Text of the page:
Mystery 'disc' spotted over N.J.


DOVER, De., (INS)--"I'd heard of flying saucers, but never thought I'd see one." Thus Lt. Wilbert S. Rogers, a jet pilot from Columbia, Pa., told yesterday of his sighting a round object speeding at an estimated 900 miles an hour high over the New Jersey coast. 

Rogers, a veteran of World War II and his fellow officer, Capt. Edward Ballard of Dover, left the Dover Air Force Base Monday to fly a T-33 jet trainer to Mitchel Field, N. Y. 

Rogers told about it this way: 

DOING 900 MPH

"We were cruising at an altitude of 20,000 feet when we spotted the object 12,000 feet below us. 

"I don't know whether it was a flying saucer, but it sure was something I've never seen before. 

"It was a silver-colored object about the size of a fighter plane. Our best speed is 480 miles and hour while this disc-like thing was zipping along at 900.  I followed an arc from Sandy Hook island to the Red Bank area and then over AsBury Park and out to sea in a southwesterly direction.  We lost sight of it." 

ROUND AND FLAT

Rogers said the mysterious object was "perfectly round and flat," and neither Rogers nor Ballard noticed any exhaust coming from the "saucer."  The jet pilot said the center of the disc was raised "about six feet" and that the flight of the thing was not at all erratic.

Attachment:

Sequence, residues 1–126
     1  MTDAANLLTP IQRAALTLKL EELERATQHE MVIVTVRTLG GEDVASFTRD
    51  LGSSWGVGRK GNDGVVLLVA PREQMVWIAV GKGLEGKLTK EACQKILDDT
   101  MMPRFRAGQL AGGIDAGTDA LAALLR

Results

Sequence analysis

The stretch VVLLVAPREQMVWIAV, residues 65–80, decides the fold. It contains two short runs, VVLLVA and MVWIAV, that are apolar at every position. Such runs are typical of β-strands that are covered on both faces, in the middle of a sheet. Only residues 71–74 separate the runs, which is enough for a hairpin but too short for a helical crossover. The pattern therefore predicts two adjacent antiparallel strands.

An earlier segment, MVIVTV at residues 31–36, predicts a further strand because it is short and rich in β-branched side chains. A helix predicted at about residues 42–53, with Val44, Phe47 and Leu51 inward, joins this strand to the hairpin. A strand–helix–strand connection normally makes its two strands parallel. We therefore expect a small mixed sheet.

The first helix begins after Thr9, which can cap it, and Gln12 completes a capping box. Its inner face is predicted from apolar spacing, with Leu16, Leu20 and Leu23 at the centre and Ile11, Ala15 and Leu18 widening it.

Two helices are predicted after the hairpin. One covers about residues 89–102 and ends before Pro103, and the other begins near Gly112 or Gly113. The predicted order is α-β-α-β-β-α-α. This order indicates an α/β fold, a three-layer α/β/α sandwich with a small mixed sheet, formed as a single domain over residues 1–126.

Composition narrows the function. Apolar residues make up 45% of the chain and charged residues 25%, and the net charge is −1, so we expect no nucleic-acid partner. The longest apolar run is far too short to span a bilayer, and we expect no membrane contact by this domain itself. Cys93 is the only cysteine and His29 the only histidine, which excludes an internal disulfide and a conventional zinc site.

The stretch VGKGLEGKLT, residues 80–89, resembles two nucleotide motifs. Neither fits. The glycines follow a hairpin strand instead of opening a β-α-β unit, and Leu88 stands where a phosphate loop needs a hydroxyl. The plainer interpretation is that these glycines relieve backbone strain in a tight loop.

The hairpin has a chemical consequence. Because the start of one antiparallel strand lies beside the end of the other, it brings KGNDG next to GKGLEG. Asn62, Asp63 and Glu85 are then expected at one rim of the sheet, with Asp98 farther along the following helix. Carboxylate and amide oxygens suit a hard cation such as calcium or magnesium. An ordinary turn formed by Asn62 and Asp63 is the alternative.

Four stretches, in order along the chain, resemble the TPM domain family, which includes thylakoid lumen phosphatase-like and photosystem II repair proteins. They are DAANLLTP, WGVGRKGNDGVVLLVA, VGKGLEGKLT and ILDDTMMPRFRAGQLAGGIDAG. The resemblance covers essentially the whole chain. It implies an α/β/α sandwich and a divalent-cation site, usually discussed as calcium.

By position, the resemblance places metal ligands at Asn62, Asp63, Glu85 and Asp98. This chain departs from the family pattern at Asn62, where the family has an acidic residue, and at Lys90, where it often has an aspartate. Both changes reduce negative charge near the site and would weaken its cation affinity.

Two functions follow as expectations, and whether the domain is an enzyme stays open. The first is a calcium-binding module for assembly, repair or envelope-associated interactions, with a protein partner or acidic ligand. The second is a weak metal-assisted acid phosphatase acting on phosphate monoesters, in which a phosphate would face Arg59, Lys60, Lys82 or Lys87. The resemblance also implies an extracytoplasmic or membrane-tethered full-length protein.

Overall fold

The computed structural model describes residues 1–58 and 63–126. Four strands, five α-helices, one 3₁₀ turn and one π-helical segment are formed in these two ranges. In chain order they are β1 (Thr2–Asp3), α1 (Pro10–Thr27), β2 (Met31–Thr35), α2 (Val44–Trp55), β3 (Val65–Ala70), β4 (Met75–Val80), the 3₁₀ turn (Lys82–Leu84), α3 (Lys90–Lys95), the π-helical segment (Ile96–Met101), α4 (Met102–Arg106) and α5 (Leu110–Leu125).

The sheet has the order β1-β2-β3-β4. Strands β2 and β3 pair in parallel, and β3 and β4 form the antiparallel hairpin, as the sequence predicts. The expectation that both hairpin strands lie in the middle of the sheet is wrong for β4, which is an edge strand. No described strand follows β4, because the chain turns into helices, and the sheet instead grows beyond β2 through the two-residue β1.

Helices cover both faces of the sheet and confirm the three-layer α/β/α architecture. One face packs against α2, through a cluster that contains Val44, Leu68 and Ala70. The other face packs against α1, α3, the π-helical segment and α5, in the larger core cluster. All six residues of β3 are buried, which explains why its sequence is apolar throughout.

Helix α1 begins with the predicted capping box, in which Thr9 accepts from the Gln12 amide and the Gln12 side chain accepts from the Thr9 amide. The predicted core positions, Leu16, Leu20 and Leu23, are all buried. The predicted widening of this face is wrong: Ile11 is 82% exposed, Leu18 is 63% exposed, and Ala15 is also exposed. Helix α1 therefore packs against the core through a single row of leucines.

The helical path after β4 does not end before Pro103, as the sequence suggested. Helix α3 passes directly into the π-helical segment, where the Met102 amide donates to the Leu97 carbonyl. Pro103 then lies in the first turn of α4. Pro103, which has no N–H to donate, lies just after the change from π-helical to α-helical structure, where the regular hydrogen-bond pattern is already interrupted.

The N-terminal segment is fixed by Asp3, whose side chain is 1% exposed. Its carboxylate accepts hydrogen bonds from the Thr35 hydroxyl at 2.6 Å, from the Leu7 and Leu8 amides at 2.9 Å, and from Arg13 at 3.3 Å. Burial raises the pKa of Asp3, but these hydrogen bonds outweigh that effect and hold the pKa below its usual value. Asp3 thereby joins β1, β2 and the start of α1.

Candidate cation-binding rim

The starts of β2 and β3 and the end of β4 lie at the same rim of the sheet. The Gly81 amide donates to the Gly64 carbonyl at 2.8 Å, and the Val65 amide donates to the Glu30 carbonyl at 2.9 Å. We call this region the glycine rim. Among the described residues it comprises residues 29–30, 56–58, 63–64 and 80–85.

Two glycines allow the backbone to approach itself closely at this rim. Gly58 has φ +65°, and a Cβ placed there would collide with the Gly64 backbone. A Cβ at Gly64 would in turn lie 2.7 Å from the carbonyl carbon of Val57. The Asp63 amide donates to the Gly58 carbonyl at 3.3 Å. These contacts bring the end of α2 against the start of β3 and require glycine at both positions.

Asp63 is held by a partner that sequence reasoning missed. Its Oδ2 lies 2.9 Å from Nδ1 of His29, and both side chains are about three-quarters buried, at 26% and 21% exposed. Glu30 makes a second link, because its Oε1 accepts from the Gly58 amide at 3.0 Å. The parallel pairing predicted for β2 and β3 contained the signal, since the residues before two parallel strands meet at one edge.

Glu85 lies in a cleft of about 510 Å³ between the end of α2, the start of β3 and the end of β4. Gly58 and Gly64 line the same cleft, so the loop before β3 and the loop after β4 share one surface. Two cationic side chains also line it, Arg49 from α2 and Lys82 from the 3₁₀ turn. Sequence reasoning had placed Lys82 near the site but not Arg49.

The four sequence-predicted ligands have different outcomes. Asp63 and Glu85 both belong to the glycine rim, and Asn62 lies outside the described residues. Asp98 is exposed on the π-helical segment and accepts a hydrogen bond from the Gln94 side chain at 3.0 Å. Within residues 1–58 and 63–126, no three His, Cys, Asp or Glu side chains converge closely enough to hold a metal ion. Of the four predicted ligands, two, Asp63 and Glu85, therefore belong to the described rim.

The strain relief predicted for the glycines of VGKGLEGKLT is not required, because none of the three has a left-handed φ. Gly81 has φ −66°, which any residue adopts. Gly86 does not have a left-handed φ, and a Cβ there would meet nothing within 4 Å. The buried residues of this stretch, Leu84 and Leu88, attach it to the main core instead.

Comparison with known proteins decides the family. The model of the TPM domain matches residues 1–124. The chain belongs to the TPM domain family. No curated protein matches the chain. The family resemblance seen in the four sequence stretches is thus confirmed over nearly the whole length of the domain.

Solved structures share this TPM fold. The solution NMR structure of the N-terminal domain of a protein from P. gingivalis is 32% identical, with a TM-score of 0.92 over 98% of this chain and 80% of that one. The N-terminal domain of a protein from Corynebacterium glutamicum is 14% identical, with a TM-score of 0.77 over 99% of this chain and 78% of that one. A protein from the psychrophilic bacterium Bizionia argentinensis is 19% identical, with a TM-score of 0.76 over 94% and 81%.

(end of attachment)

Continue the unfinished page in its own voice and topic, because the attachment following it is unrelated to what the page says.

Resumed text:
First word of the phenomenon came from Maj. John Barron, public information officer at Mitchel Air Base.  Barron said the air officials have no opinion as to the identity of the object--only reported what Rogers and Ballard had related. 

NOT A BALLOON

Rogers, who said Ballard went on to report the incident to his superiors, said the object "could not have been a balloon." 

(Previous reports of flying saucers have been explained by armed services spokesmen as probably balloons used in weather research.) 

Said Rogers: 

"This couldn't have been a balloon.  It was describing a descending arc as we got within 8,000 feet of it.  And it was going at twice our maximum speed.  No balloon flies that fast.  Why, we couldn't have caught it in a World's record F-86 Sabrejet."